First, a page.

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Amiodarone or flecainide for cardioversion in acute onset atrial fibrillation
  1. Jon Argall, Senior Clinical Fellow,
  2. Ian Crawford, Clinical Research Fellow
  1. Department of Emergency Medicine, Manchester Royal Infirmary, Oxford Road, Manchester M13 9WL, UK; kevin.mackway-jonesman.ac.uk

    Abstract

    A short cut review was carried out to establish whether amiodarone is better than flecainide at restoring sinus rhythm in patients with atrial fibrillation. Altogether 42 papers were found using the reported search, of which four presented the best evidence to answer the clinical question. The author, date and country of publication, patient group studied, study type, relevant outcomes, results, and study weaknesses of these best papers are tabulated. A clinical bottom line is stated

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    Report by Jon Argall, Senior Clinical FellowChecked by Ian Crawford, Clinical Research Fellow

    Clinical scenario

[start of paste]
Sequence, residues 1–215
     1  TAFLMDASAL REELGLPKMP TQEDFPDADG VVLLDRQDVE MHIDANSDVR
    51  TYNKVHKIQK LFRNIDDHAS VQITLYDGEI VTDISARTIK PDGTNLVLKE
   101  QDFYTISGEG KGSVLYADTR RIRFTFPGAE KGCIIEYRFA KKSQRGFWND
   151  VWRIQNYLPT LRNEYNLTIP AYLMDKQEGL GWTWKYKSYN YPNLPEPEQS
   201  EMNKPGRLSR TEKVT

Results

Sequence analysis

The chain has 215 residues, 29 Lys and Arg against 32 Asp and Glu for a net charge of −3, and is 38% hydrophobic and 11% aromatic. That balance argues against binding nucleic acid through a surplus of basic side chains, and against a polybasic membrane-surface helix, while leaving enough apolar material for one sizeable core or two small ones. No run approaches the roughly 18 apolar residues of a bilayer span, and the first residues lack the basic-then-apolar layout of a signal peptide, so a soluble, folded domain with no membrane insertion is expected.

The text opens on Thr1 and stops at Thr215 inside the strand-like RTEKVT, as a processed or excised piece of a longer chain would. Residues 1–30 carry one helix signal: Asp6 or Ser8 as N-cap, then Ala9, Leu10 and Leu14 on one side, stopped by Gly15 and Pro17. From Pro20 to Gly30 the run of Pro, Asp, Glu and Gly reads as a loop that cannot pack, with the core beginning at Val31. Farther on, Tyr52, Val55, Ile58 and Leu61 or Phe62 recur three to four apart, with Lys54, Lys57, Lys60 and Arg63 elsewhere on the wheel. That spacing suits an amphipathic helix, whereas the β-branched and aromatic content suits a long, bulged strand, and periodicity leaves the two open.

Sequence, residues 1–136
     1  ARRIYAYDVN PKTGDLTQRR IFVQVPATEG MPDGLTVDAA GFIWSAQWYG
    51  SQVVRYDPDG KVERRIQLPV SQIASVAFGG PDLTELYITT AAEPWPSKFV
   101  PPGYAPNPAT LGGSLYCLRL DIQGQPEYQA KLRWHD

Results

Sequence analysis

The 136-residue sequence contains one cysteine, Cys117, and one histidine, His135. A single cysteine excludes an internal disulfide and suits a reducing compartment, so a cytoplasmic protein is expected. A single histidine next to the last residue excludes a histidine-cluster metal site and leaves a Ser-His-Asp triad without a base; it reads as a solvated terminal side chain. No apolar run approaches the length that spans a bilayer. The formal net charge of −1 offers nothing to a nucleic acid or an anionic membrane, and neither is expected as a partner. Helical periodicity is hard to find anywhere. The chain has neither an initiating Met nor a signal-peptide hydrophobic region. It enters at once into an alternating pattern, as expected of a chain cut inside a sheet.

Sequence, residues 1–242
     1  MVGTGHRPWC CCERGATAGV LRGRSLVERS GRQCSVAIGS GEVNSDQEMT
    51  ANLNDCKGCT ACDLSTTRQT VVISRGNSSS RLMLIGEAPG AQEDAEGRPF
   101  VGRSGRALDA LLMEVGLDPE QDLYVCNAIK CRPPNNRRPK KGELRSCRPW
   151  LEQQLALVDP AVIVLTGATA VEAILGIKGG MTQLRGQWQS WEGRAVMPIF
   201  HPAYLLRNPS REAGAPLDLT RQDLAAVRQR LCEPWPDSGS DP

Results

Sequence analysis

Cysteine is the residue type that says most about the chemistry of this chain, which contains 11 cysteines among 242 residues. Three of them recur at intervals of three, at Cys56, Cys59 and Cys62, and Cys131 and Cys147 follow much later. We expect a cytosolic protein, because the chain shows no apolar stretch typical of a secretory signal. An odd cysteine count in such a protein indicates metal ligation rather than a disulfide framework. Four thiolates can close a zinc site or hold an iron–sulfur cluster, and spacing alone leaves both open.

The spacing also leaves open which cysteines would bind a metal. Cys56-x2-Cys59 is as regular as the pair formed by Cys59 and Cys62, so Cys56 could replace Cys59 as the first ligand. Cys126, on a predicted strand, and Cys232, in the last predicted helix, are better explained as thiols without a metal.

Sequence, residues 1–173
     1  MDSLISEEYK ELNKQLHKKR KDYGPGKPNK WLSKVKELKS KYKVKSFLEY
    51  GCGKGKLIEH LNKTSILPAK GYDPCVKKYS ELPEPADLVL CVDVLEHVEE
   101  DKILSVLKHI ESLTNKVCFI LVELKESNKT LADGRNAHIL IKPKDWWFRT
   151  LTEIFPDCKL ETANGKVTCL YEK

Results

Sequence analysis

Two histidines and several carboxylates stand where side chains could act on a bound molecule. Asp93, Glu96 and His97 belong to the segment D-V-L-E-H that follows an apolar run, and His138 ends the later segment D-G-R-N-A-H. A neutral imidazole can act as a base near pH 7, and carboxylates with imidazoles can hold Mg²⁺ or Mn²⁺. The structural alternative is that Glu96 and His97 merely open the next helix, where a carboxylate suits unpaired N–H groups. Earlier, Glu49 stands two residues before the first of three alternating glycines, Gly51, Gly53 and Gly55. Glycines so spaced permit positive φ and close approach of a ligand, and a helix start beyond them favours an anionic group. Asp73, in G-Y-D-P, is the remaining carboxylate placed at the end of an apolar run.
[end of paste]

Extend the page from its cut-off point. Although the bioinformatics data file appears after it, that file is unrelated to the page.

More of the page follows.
A 50 year old woman presents to the emergency department with acute onset of palpitations of less than two hours duration. She does not have chest pain, her heart rate is about 140–160 with a good systolic blood pressure, and respiratory examination is normal. An ECG confirms the rhythm to be atrial fibrillation. You consider which method of pharmacological cardioversion would be most suitable as the medical and cardiological opinions differ between amiodarone and flecainide.

    Three part question

    In [acute onset atrial fibrillation] is [amiodarone better than flecainide] at [restoring normal sinus rhythm]?

    Search strategy

    Medline 1966-11/03 using the Ovid interface. [exp Atrial Fibrillation OR (atrial adj5 fibrillation).af OR af.af] AND [exp Amiodarone OR amiodarone.af OR cordarone.af] AND [exp Flecainide OR flecainide.af OR tambocor.af] AND [Maximally Sensitive RCT Filter] LIMIT to human AND English.

    Search outcome

    Altogether 42 papers were found of which four were directly relevant to the three part question (see table 1).

    Table 1

    Comment(s)

    There were no significant differences in the patient groups or adverse effects in all studies. Most adverse effects were mild and self limiting, with no fatal events reported.

    CLINICAL BOTTOM LINE

    In the stable patient with acute onset atrial fibrillation and uncompromised left ventricular function, flecainide is the most efficacious drug at restoring normal sinus rhythm expediently. However about 60% of patients will revert with no treatment.

    Report by Jon Argall, Senior Clinical FellowChecked by Ian Crawford, Clinical Research Fellow

    References

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